100 Years Ago

Thursday, March 31, 1921

Very heavy freeze on Monday and Tuesday nights, which has put a check on vegetation. It is probable that peaches and other early fruits are badly injured over the entire country. The thermometer registered sixteen above at Marlinton Tuesday night. Ice froze on the streams.

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The Browns Creek road from Huntersville to the Greenbank district line has been put in fine shape by Cam McLaughlin and Everett Dilley, and in a very short time. Early work is what counts in getting our earth roads in proper shape.

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Born to Mr. and Mrs. Loyd VanReenan, at Woodrow, a son.

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Too small to fight, describes the war between Panama and Costa Rica. They started a war and the United States told them to quit and that was about all there was to it…

The fuss was over the line. It used to be crooked, and the arbitrator straightened it and ran it from ocean to ocean. Beginning at a stake at lower water mark on the Atlantic Ocean, then south to a stake at low water mark on the Pacific Ocean, so to speak. While it was going on, there was a similar war between Nicholas county and Greenbrier county over Cold Knob, which seems to have been settled in favor of Greenbrier County by the legislature…


Last Friday night, a woods camp containing about thirty Slav laborers was sound asleep. The camp is located on the North Fork of Cranberry River within the county of Pocahontas. It is a part of the woods work of the Cherry River Boom and Lumber Company, with headquarters at Richwood. The camp was a long building with all the men sleeping in bunks in one room. For the purpose of a hold up, it might be termed to be well adapted to that kind of an attack, even as a Pullman car.

Out of the night, three men came upon that camp and entered. The sleeping men were aroused to find a man with a pistol at each end of the camp, with an extra man to relieve them of their savings. The program moved along without a hitch until the robber reached the bunk of a Russian who had something over two thousand dollars on him, and he revolted.

Then one of the guards came forward swiftly and shot six holes into the protester, and after that no further resistance was made. The Russian died instantly.

The men gathered up about ten thousand dollars in currency, six thousand dollars in checks, and some watches and jewelry. They went together a short distance until they reached the waters of Williams River and there they seem to have separated.

A telegram was received at this place Saturday giving word of the occurrence. On Sunday, a young man of Austrian nationality came out of the woods from the general direction of the scene of the robbery and attracted a good deal of attention under the circumstances from the fact that he was bare headed, his shoes badly worn, his face and hands badly scratched, and having a general appearance of having fled through the woods. He was not arrested at the time, but the word was sent to Marlinton, and Policeman R. K. Burns went after him.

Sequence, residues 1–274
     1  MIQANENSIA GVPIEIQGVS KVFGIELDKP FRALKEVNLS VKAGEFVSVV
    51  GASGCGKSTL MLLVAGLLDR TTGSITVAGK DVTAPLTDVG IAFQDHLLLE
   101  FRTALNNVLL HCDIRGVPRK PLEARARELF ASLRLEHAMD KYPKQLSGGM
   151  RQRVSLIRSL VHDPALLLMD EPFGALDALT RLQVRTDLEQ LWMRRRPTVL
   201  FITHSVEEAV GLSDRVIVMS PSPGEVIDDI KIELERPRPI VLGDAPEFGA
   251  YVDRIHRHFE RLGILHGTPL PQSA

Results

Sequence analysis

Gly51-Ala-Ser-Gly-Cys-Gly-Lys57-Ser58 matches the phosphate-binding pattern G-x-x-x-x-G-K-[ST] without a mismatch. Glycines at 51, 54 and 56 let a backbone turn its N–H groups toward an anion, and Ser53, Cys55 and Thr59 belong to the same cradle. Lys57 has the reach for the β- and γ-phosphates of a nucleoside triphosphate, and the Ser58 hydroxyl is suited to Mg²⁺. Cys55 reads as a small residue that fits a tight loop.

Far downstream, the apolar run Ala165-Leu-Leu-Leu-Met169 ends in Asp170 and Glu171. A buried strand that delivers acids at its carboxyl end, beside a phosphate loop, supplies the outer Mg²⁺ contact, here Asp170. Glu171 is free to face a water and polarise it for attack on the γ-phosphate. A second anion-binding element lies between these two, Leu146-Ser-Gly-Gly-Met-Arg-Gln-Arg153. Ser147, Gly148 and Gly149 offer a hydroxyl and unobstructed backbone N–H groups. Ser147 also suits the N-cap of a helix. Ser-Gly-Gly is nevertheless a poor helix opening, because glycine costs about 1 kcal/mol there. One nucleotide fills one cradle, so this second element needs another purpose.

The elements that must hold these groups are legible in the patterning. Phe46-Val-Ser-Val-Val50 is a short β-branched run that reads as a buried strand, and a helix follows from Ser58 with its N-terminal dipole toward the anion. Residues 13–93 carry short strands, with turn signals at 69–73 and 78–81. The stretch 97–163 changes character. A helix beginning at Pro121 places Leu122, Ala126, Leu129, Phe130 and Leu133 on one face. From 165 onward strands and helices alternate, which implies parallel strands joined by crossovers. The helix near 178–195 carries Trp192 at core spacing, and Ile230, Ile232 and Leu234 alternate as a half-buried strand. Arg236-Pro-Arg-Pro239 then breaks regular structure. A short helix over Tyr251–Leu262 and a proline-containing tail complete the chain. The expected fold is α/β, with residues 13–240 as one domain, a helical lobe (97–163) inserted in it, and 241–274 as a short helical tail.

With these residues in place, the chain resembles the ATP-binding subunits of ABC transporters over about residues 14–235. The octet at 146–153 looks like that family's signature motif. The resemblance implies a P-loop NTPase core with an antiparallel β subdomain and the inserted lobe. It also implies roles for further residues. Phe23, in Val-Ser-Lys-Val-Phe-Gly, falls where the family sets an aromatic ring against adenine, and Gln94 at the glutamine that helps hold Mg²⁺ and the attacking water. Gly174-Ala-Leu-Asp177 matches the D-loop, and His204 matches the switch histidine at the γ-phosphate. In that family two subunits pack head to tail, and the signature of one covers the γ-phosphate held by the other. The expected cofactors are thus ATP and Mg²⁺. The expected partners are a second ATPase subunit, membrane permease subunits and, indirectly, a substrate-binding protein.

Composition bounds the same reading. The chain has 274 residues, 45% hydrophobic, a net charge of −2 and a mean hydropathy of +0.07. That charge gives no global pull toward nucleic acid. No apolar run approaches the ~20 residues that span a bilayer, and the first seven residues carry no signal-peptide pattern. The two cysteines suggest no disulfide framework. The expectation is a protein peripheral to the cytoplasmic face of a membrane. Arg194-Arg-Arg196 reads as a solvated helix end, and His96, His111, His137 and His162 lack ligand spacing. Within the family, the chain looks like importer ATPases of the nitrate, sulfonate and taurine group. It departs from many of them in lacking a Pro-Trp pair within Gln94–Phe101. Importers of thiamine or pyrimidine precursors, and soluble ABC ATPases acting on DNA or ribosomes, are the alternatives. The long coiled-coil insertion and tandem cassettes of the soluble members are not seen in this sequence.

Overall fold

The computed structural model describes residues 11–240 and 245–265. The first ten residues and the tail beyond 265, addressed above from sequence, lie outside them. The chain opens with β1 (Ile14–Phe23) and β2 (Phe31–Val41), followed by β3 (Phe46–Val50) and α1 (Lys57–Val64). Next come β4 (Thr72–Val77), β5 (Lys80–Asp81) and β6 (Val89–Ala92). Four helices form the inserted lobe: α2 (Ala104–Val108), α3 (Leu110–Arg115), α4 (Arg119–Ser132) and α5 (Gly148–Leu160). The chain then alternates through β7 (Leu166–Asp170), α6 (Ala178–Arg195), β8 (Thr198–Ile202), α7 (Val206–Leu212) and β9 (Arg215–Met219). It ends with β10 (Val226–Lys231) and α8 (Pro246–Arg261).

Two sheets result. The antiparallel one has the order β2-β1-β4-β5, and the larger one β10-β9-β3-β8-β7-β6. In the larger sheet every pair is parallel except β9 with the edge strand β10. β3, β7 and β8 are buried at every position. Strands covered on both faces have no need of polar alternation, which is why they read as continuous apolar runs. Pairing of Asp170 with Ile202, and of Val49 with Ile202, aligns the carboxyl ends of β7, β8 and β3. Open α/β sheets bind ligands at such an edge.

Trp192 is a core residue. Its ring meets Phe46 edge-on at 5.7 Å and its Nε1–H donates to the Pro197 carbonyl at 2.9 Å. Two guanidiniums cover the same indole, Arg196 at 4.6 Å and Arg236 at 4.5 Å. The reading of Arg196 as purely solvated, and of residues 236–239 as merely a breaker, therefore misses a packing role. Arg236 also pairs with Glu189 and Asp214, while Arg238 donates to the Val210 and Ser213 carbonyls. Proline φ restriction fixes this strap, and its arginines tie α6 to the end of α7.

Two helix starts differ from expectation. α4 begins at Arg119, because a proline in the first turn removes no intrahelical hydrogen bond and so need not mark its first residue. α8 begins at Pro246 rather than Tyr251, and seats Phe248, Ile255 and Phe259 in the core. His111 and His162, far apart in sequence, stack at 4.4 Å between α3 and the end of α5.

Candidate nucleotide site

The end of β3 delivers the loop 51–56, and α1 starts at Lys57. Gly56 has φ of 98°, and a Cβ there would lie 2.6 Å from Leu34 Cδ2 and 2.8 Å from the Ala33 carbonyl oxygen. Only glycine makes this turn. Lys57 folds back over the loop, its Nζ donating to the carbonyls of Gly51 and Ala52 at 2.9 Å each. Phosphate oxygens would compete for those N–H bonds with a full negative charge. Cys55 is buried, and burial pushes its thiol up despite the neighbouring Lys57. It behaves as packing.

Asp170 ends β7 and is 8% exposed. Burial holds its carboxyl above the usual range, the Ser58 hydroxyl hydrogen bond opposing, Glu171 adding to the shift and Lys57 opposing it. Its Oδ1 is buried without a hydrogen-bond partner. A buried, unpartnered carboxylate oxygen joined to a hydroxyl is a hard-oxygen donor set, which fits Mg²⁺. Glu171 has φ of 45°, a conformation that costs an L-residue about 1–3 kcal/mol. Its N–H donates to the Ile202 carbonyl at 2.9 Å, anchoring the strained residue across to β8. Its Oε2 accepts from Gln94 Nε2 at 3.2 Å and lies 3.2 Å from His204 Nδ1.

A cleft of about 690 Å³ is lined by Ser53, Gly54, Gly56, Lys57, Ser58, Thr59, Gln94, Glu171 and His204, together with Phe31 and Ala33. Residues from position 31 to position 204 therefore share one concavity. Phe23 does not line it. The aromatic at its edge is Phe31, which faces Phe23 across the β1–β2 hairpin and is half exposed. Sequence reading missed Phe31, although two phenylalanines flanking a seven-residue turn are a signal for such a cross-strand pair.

The stranger struck the railroad near Seebert and hit the ties for the outside world.

He walked eighteen miles. In the meantime, Mr. Burns had taken a ride on a railroad motorcycle and had run to Renick and got off there and sent the car back, and started to walk back toward Pocahontas County, thoroughly convinced that he would meet the man.

Near Renick, he met him and took him by holding a revolver on him.

When he was searched, the sum of $2,280.00 in currency was found on him in a loose roll. He was brought to Marlinton Monday, and has been held for the Cranberry affair. He claims to have won the money playing poker at Elkins the night of the robbery.

He gave his name as James Antphor and claims that he registered as an alien in the draft from Durbin in 1917.


Fine weather, peach and plum trees in full bloom; grass is making a fine start. We are about a month in advance of former seasons.

W.C. Householder and W.A. Browning motored through town Sunday.

H. Kelmenson and family and Miss Bright, of Marlinton, and Tom Sawyer, a merchant tailor of Baltimore, were visitors at I.B. Shrader’s at Fair View Farm, Sunday.

Tom Burgess has recently sold his property to Lee Beard. Mr. Burgess and A. C. Bransford have purchased property in the city of Charleston. We regret to see these good people leave our neighborhood.

Miss Eula Hill closed her school at Locust Creek last Friday.

Sterl and Raymond Shrader of the Hill country, spent Saturday night with their uncle, I. B. Shrader.

We would like to see some work done on the pike leading to Droop Mountain. The mud holes should be filled up so the traveling public could go over them in safety and motorists would not have to be pulled out of the mud holes by farmers’ teams along the road.


With the thermometer registering 81 in the shade on the 20th and the birds singing, makes one feel as though spring had come.
Mr. Stokoe, County Agricultural Agent, held a fine meeting here last week with a group of interested farmers. Such questions as lime, fertilize and better sires were discussed.

E.H. Williams and Frank Baxter, of Marlinton, passed through our section last week looking over the roads. We hope we will get some work done which is badly needed.


We are having nice weather to farm. Everyone is about done plowing.

WC. Stokoe, County Agent, gave us a talk last Thursday night. He got the people in the notion of improving their cattle by buying purebred sires. Four or five registered bulls can be disposed of in this community. The people are almost unanimous in their desire to retire the scrub and raise better cattle.

We do not allow whiskey to be made in this section, and scrub stock must go, too.

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